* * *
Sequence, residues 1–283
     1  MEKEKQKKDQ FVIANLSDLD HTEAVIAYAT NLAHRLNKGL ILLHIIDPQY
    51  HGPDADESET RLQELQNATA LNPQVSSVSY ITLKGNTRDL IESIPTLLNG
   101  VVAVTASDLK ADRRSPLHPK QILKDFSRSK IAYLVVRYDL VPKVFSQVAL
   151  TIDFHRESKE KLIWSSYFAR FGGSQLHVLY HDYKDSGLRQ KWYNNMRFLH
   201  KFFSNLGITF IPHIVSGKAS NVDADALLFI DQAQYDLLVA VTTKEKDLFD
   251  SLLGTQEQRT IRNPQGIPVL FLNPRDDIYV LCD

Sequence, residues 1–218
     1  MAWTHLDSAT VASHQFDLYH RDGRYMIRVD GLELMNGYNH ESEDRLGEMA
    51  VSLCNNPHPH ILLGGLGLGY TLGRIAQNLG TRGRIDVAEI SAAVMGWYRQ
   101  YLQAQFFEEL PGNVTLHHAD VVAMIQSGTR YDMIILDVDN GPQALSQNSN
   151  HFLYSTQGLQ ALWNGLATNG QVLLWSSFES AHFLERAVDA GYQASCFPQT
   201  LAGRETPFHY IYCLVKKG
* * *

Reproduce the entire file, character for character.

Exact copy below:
Sequence, residues 1–283
     1  MEKEKQKKDQ FVIANLSDLD HTEAVIAYAT NLAHRLNKGL ILLHIIDPQY
    51  HGPDADESET RLQELQNATA LNPQVSSVSY ITLKGNTRDL IESIPTLLNG
   101  VVAVTASDLK ADRRSPLHPK QILKDFSRSK IAYLVVRYDL VPKVFSQVAL
   151  TIDFHRESKE KLIWSSYFAR FGGSQLHVLY HDYKDSGLRQ KWYNNMRFLH
   201  KFFSNLGITF IPHIVSGKAS NVDADALLFI DQAQYDLLVA VTTKEKDLFD
   251  SLLGTQEQRT IRNPQGIPVL FLNPRDDIYV LCD

Sequence, residues 1–218
     1  MAWTHLDSAT VASHQFDLYH RDGRYMIRVD GLELMNGYNH ESEDRLGEMA
    51  VSLCNNPHPH ILLGGLGLGY TLGRIAQNLG TRGRIDVAEI SAAVMGWYRQ
   101  YLQAQFFEEL PGNVTLHHAD VVAMIQSGTR YDMIILDVDN GPQALSQNSN
   151  HFLYSTQGLQ ALWNGLATNG QVLLWSSFES AHFLERAVDA GYQASCFPQT
   201  LAGRETPFHY IYCLVKKG